So I want to start by saying under no circumstances do I want to put people off seeking help. If you need help, please talk to someone — whether it be a friend, family member or your doctor. Below are some things I’ve heard from mental health professionals over a span of four to five years, so they are pretty isolated incidents. But I think they are important to talk about because they absolutely aren’t acceptable!
1. “You can’t be that bad, you’ve still got your job.”
I went to the doctor a few months back. I was very down and hadn’t left my bed in four days — let alone the house. I hadn’t eaten. I was struggling to get up to go for a wee or to get a drink. Anyway, I finally managed to get myself to the doctors, told him what was going on. He asked me the usual questions, then he asked about my employment status, I told him I have a job but I’d been calling in sick quite a lot recently because I was struggling too much. According to him, if I’m managing to hold down a job, it means I’m perfectly OK! Well I’m sorry, but that certainly isn’t the case. Yes, I’m one of the lucky ones that struggles with mental health issues and can still go to work, but that doesn’t give anyone the right the dismiss my issues — especially not a professional.
2. “I don’t want your life story.”
So a few weeks ago, I got referred to to a mental health team. They asked the usual questions: “How long have you been feeling like this?” “Do you have any suicidal thoughts or tendencies?” etc. My doctor then went on to ask if there had been any significant life events that could have triggered me. I started telling him about a few things that might have. He interrupted me part-way through and said he didn’t want my life story. It was completely and utterly rude and uncalled for. Please don’t ask me a question then not listen to the answer.
3. “There’s nothing wrong with you.”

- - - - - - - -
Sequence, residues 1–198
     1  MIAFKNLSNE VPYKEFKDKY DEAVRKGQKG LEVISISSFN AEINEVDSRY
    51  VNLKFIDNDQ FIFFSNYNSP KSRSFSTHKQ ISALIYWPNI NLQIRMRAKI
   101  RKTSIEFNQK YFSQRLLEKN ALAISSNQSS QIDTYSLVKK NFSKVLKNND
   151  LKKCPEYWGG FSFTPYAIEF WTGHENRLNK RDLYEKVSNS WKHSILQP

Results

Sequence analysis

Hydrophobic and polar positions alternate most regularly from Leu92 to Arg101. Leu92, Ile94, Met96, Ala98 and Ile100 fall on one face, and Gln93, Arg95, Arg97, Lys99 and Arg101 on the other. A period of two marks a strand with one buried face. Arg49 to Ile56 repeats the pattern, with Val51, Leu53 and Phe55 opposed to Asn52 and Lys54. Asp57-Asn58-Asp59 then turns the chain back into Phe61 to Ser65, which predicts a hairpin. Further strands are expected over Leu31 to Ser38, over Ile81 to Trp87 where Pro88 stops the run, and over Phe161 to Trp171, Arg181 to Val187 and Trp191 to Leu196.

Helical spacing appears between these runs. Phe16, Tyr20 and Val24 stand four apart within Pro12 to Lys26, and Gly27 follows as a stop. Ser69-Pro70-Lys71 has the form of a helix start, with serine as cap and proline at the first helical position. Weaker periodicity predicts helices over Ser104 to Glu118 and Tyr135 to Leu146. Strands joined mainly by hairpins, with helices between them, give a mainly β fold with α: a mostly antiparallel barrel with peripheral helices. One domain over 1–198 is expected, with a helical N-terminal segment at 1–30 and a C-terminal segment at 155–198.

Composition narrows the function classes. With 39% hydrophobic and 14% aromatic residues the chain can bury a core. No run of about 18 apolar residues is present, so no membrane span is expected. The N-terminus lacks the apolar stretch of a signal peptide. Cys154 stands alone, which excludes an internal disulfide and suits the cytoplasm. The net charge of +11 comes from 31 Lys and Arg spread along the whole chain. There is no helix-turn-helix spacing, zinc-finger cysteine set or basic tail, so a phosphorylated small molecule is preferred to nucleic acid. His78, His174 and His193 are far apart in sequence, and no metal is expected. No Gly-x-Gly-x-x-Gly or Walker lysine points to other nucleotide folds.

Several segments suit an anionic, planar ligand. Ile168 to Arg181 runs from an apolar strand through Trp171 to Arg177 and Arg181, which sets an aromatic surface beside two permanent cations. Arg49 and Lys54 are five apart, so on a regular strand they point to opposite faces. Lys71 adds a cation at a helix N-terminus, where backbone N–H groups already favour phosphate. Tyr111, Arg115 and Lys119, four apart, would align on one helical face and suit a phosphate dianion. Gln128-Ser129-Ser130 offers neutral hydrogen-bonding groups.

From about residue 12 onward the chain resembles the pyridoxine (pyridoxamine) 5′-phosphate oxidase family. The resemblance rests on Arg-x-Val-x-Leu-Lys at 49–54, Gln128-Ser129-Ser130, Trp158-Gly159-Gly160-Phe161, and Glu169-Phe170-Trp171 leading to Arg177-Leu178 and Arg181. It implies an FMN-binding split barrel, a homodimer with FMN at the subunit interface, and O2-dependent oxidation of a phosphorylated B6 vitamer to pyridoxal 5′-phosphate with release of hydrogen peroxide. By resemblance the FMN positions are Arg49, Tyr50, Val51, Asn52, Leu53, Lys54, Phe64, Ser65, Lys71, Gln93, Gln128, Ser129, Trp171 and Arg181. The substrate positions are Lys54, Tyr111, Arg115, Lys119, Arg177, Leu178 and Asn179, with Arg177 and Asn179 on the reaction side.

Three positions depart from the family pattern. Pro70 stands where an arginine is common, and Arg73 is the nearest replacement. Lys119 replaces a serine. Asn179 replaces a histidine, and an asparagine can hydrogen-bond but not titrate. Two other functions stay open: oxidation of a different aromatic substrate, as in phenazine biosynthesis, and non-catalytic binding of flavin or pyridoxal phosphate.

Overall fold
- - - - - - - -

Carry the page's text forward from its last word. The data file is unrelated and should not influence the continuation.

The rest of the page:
This is by far my favorite. This was said to me by two people that work for Crisis. I’d been admitted to hospital for attempting suicide. I’d been in there for three days when the nurse recommended I speak to the Crisis team. I reluctantly agreed, having spoke to them previous to this incident and they were not helpful at all. So anyway they came to see me, and they asked standard questions like “Why did you do it?” “Was it your intention to kill yourself?” “What happened?” etc. I went through the whole ordeal explain why, how, what, when, etc. This whole discussion only lasted about 15 or 20 minutes. Then they went and discussed with each other what the best course of action was from here, and they came to the conclusion that I was absolutely fine, there was nothing wrong with me and I needed no further help. Yep! That’s what they decided after I tried to take my own life for the second time within two weeks.
4. “You just need to find a hobby.”
This was when I first went to the doctor’s when I was about 15 or 16. I didn’t know what to expect, but I didn’t expect them to leave me with crappy advice like, “You need to find a hobby” “It’s just your hormones,” etc. No, it wasn’t. I knew something was wrong, and I shouldn’t be feeling like that. I knew from about the age of 14, but only really plucked up the courage to get help two years later. I didn’t go back to the doctors for help for a good three years after that.
These incidents had such a negative impact on me and I felt betrayed by the very people who were supposed to be able to help me more than anyone else. I realized then that even though seeking professional help is one of the best things you can do, it’s hard and there aren’t many resources to help you. But you’ve gotta keep fighting because every once in a while, you’ll stumble across a diamond that understands you and takes the time to actually listen to you and make you feel like a human being rather than a problem.